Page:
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The summation, $$\sum_{i=1}i^2=n(n+1)(2n+1)/6$$ However, how could you prove this? All of the proofs I've seen already assume knowledge of the formula, but how do you prove this without first knowing the formula? What about formulas for higher powers, such as cubics and quartics? If possible, please keep this on a level where I can understand (I'm in calculus AB). Thanks!

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  • $\begingroup$ possible duplicate of Power summation of $n^3$ or higher which was itself closed as a duplicate. But the answers there seemed closer to what was wanted here. If you search the site for Faulhaber you will find many versions. $\endgroup$ – Ross Millikan May 4 '13 at 23:22
  • $\begingroup$ @Daniel: she asked for a proof that "doesn't assume knowledge of the formula." Induction only helps once you know what the formula should be. $\endgroup$ – symplectomorphic May 4 '13 at 23:23
  • $\begingroup$ There's a nice proof here: proofwiki.org/wiki/Sum_of_Sequence_of_Squares/Proof_4 $\endgroup$ – Harry Williams May 4 '13 at 23:23
  • $\begingroup$ So you don't really want a proof of this, you want a way to figure this out, which is different. You can't "prove this without knowing the formula," because "this" includes the formula. There are general ways to solve this sort of problem, however - if $p(x)$ is a polynomial, there is a general way to figure out $\sum_{0}^{n-1} p(i)$. $\endgroup$ – Thomas Andrews May 4 '13 at 23:23
  • $\begingroup$ It is a fact that $p(k):=\sum_{i=1}^k i^n$ is a polynomial of degree n+1. May be this will help you feel how one deduces the formula. $\endgroup$ – Amr May 4 '13 at 23:24
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Polya gives a beautiful discussion of this problem in Chapter 3 (called "Recursion") in volume 1 of his book "Mathematical Discovery." One way to "discover" the formula is to exploit the identity $$(n+1)^3=n^3+3n^2+3n+1$$ which implies $$(n+1)^3-n^3=3n^2+3n+1$$ If you sum all such equations from $n=1$ to $n=k$ you find the left side telescopes, leaving $$(k+1)^3-1=3S+3(1+2+\cdots+k)+k$$ where $S$ is the sum you wanted. Of course, the sum in parentheses is just $\frac{k(k+1)}{2}$, and solving the equation for $S$ after making that substitution gives the result.

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In my opinion, the "best" way is doing it as a telescoping sum:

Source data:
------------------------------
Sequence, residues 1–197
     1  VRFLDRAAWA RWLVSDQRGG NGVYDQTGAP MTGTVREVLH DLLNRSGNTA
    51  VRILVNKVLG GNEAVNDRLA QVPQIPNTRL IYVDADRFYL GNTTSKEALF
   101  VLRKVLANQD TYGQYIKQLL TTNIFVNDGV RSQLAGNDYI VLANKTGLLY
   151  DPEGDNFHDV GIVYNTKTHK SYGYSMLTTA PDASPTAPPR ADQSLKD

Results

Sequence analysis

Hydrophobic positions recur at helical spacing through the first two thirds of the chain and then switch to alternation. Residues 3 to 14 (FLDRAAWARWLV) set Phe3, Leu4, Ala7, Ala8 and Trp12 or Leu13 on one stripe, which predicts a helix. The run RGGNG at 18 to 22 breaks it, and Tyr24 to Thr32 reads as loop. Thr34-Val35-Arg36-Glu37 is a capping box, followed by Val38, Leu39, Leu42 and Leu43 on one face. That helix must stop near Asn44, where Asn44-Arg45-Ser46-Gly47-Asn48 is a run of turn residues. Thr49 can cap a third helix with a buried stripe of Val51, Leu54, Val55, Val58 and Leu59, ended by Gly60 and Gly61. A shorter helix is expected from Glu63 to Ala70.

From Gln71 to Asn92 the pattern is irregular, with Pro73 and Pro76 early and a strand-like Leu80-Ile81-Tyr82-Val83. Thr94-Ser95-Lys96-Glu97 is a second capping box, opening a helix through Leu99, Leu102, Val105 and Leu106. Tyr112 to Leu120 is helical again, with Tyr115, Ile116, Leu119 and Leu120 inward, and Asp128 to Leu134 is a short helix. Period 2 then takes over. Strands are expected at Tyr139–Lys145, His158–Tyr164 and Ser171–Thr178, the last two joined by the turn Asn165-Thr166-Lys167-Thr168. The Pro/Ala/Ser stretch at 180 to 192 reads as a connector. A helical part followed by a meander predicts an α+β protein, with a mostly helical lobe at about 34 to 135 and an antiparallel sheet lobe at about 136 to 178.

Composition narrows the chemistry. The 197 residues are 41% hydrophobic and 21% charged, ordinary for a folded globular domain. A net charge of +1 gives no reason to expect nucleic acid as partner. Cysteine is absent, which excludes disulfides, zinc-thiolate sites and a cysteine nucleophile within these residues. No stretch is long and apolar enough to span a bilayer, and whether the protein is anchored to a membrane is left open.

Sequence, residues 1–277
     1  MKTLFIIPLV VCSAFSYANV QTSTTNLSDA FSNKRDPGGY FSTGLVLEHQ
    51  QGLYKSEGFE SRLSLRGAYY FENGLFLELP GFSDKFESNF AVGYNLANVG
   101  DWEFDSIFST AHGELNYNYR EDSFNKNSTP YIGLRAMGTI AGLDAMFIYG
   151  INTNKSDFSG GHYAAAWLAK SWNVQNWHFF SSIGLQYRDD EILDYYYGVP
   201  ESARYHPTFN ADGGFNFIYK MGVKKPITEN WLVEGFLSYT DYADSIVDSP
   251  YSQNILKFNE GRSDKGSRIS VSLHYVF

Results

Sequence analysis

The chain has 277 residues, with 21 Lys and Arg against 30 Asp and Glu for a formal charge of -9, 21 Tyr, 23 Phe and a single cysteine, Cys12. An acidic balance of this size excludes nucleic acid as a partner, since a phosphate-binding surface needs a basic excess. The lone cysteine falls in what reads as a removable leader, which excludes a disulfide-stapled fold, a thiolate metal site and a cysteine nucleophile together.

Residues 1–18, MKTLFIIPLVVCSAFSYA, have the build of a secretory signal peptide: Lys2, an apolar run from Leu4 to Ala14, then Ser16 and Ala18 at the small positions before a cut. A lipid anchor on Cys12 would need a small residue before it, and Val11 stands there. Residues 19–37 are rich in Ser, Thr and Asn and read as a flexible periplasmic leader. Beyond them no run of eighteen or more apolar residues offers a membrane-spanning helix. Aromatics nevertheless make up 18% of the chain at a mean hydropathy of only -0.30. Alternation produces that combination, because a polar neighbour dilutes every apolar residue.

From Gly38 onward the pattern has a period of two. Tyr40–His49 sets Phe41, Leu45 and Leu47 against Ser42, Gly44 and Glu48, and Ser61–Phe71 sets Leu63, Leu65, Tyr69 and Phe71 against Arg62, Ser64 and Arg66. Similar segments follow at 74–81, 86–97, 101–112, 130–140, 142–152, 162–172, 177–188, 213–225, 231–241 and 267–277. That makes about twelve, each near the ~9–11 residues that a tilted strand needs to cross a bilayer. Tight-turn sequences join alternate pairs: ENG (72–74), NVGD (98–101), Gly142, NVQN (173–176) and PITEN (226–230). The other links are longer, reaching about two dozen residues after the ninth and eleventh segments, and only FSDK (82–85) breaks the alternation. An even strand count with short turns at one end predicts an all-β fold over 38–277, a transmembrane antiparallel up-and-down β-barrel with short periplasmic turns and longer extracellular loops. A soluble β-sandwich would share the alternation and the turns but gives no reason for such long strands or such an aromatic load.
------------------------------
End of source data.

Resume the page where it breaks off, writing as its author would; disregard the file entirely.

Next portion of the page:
$$\sum_{k=1}^n 3k^2 = \sum_{k=1}^n \big((k+1)^3 - k^3\big) - \sum_{k=1}^n 3k - \sum_{k=1}^n 1$$

and each of the sums in the right hand side is easy to work out.

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Wilf's "generatingfunctionology" gives the general solution doing the following: Take: $$ \sum_{0 \le k \le n} z^k = \frac{1- z^{n + 1}}{1 - z} $$ Now note that each time you apply $z \dfrac{d}{dz}$ you multiply $z^k$ by $k$. Differentiate $m$ times, and evaluate the result on the right hand side by applying l'Hôpital ad nauseam.

One way of getting the general formula is to start with: $$ G(z) = \frac{z (e^{m z} - 1)}{e^z - 1} = \frac{z}{e^z - 1} \cdot \frac{1}{e^{m z} -1} $$ The first form, expanded first as a finite geometric sum in $e^z$ and then each term in $z$ gives a series with $S_m(n) = \sum_{0 \le k \le n} k^m$ in the coefficient, the second one is the generating function for the Bernoulli numbers by a geometric series in $e^{m z}$, expanding and equating terms gives: $$ S_m(n) = \frac{1}{m + 1} \sum_{k \ge 1} \binom{m + 1}{k} B_{m + 1 - k} (n + 1)^k = \frac{1}{m + 1} \sum_{k \ge 0} \binom{m}{k} B_{m - k} \frac{n^{k + 1}}{k + 1} $$ The Bernoulli number page gives much more details. There are other simple ways to get there.

Another way is to note that if you define $z^{\overline{m}} = z (z + 1) \ldots (z + m - 1)$ then: $$ \sum_{0 \le k \le n} k^{\overline{m}} = \frac{n^{\overline{m + 1}}}{m + 1} $$ As $x^m$ can be expressed as a combination of $x^{\overline{k}}$, the sum $S_m(n)$ can in turn written down.

Yet another take was Faulhaber's, as brilliantly exposed by Knuth in "Johann Faulhaber and sums of powers"

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